This historic book may have numerous typos, missing text or index.
Purchasers can download a free scanned copy of the original book
(without typos) from the publisher. 1881. Not illustrated. Excerpt:
... SECTION L (i) ESSAYS AND PROPOSALS SUBMITTED PRIOR TO 1840.
Charles Whiting. The late Mr. Charles Whiting, the eminent printer
of Beaufort House, in the Savoy, Strand, London, was one of the
first who made proposals to the Post-office authorities to reduce
the rates for the conveyance of printed matter, and for that
purpose to employ stamped envelopes, or " Go Frees." These were
proposed by him as an experiment, which, if successful, were to be
followed by applying them to written matter. Mr. Whiting married
the widow of Sir William Congreve, the inventor of the original
machines used at Somerset House for embossing in colour. Sir
William Congreve was also the patentee of a process of compound
plate printing, whereby impressions were struck off in two or more
colours at a single operation of the press, which was effected by
two or more plates fitting into each other with great exactness, so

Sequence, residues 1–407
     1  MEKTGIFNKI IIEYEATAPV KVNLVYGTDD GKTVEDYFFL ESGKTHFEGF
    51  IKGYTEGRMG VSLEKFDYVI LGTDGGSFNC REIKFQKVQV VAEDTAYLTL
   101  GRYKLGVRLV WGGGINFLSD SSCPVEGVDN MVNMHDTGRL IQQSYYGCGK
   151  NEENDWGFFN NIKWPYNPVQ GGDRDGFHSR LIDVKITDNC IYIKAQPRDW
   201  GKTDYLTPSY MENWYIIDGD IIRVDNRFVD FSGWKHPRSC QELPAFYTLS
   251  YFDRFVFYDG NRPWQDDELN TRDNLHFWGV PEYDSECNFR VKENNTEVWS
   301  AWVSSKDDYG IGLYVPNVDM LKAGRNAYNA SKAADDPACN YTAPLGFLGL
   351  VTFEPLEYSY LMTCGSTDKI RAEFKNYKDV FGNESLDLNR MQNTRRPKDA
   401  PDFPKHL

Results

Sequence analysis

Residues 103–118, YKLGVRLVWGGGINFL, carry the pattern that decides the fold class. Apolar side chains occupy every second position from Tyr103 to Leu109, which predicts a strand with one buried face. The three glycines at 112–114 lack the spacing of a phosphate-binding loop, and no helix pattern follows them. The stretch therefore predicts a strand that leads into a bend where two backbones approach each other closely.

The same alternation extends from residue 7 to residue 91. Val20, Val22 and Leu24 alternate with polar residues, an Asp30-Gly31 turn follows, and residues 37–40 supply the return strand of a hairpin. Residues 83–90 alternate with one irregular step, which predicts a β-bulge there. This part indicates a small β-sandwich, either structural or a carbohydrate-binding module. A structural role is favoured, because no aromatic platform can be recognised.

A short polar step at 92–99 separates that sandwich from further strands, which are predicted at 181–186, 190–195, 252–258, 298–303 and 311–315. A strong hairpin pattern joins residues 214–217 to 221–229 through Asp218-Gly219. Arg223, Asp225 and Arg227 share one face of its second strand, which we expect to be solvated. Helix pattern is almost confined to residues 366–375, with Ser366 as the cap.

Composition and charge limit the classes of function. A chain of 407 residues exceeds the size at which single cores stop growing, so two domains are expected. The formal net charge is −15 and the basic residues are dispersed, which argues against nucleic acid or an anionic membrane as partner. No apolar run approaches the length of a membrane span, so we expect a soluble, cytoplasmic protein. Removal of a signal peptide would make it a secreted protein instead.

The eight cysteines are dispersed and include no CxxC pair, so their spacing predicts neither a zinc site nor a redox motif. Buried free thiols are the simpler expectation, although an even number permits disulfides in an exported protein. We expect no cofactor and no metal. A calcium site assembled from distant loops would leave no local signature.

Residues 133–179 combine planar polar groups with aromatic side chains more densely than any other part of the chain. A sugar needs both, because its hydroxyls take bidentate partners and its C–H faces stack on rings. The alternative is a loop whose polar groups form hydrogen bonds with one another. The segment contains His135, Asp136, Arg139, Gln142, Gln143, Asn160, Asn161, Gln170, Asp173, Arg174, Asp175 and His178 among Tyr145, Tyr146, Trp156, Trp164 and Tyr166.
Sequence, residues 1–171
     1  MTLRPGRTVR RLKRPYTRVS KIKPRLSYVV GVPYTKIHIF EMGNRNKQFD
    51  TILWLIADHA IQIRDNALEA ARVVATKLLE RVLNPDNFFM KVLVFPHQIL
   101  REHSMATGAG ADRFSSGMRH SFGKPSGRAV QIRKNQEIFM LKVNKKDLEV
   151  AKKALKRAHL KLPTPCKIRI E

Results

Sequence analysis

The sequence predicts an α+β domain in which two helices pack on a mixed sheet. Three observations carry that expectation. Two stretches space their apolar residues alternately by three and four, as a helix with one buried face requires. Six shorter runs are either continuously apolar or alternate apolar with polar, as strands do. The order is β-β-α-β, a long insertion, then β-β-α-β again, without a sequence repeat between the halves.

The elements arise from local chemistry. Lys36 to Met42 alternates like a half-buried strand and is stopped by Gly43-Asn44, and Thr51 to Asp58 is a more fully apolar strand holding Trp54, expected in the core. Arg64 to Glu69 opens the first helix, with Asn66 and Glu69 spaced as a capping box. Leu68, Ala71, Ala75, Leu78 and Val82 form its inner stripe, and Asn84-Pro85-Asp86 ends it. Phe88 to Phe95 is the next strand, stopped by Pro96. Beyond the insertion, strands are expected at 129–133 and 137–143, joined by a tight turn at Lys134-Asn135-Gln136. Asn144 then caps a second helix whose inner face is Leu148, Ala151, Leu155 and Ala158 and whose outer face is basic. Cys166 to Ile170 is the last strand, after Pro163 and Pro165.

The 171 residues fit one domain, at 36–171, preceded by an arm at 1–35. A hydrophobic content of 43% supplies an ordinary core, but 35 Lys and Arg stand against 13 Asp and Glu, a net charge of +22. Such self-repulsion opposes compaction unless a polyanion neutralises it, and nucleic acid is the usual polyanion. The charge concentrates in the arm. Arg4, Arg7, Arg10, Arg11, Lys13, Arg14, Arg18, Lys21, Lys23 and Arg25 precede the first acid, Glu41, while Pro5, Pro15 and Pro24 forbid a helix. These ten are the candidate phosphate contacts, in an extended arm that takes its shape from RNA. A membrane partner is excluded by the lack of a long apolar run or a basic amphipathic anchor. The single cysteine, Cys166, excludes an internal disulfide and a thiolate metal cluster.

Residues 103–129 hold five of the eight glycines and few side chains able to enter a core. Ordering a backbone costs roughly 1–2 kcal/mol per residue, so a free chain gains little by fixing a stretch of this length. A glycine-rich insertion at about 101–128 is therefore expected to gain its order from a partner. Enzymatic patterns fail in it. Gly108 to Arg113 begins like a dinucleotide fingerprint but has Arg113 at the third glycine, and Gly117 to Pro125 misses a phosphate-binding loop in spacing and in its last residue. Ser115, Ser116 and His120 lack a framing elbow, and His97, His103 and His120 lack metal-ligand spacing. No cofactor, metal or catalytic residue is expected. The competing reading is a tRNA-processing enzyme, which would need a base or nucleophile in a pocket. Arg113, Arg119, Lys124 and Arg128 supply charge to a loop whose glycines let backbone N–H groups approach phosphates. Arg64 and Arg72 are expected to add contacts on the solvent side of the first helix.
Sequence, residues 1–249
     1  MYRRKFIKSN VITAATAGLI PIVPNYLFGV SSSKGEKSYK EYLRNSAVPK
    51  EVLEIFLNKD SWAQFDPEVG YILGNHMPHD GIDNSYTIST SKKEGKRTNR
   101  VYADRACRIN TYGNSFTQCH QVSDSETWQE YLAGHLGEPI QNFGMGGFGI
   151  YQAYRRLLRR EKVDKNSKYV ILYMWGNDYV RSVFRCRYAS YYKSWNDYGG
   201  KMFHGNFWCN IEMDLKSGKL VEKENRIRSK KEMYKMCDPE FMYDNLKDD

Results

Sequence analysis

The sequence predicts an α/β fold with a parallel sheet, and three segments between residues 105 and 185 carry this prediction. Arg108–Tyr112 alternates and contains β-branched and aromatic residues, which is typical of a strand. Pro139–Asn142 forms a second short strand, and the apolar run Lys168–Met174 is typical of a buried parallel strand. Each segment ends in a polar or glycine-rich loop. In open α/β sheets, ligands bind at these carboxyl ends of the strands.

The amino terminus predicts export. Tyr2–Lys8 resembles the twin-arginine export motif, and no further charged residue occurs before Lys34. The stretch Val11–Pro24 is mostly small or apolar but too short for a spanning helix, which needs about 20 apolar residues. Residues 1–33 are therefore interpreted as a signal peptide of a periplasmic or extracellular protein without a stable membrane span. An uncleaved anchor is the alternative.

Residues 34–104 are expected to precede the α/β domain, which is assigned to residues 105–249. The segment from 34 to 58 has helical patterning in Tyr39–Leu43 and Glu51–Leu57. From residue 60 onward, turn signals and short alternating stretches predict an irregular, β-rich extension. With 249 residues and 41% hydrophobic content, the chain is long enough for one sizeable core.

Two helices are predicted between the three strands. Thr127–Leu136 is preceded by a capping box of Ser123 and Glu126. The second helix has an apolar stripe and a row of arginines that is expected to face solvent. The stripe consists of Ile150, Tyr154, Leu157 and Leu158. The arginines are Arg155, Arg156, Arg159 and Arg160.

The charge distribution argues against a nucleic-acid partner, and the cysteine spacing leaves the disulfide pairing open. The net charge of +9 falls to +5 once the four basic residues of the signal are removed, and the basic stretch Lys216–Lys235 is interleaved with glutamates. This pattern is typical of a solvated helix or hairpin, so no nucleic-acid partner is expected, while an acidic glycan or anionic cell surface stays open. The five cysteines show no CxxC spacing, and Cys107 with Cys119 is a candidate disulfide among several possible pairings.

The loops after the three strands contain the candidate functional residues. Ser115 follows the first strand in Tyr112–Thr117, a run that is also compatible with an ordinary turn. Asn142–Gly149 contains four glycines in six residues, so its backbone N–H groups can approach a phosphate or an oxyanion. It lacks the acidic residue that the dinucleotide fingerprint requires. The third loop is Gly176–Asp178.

as to form one complete design. Compound printing was extensively
known from the circumstance of its being employed in printing the
Government labels used for denoting the duties on patent medicines.
For some years these labels had been printed in two colours, the
second These must not be confounded with a trial obliterating
circular stamp in black, with 00 Free across the face, and Post
Office round the outer edge, on a plain engine-turned groundwork
resembling an ordinary office seal, the whole being enclosed in an
outer circle of dots. It is frequently found on the covers bearing
the name of Mr. Wyld, subsequently described. f Second Report of
Committee on Postage, 21st June, 1838. Questions 11,253-4. of which
was added to the stamp by passing it through the press a second
time. Work thus done always shows its origin, and has a tendency to
get out of "register," as it is...
General Books LLC
|Country of origin:
Frederick Adolphus Philbrick
||246 x 189 x 7mm (L x W x T)
||Paperback - Trade
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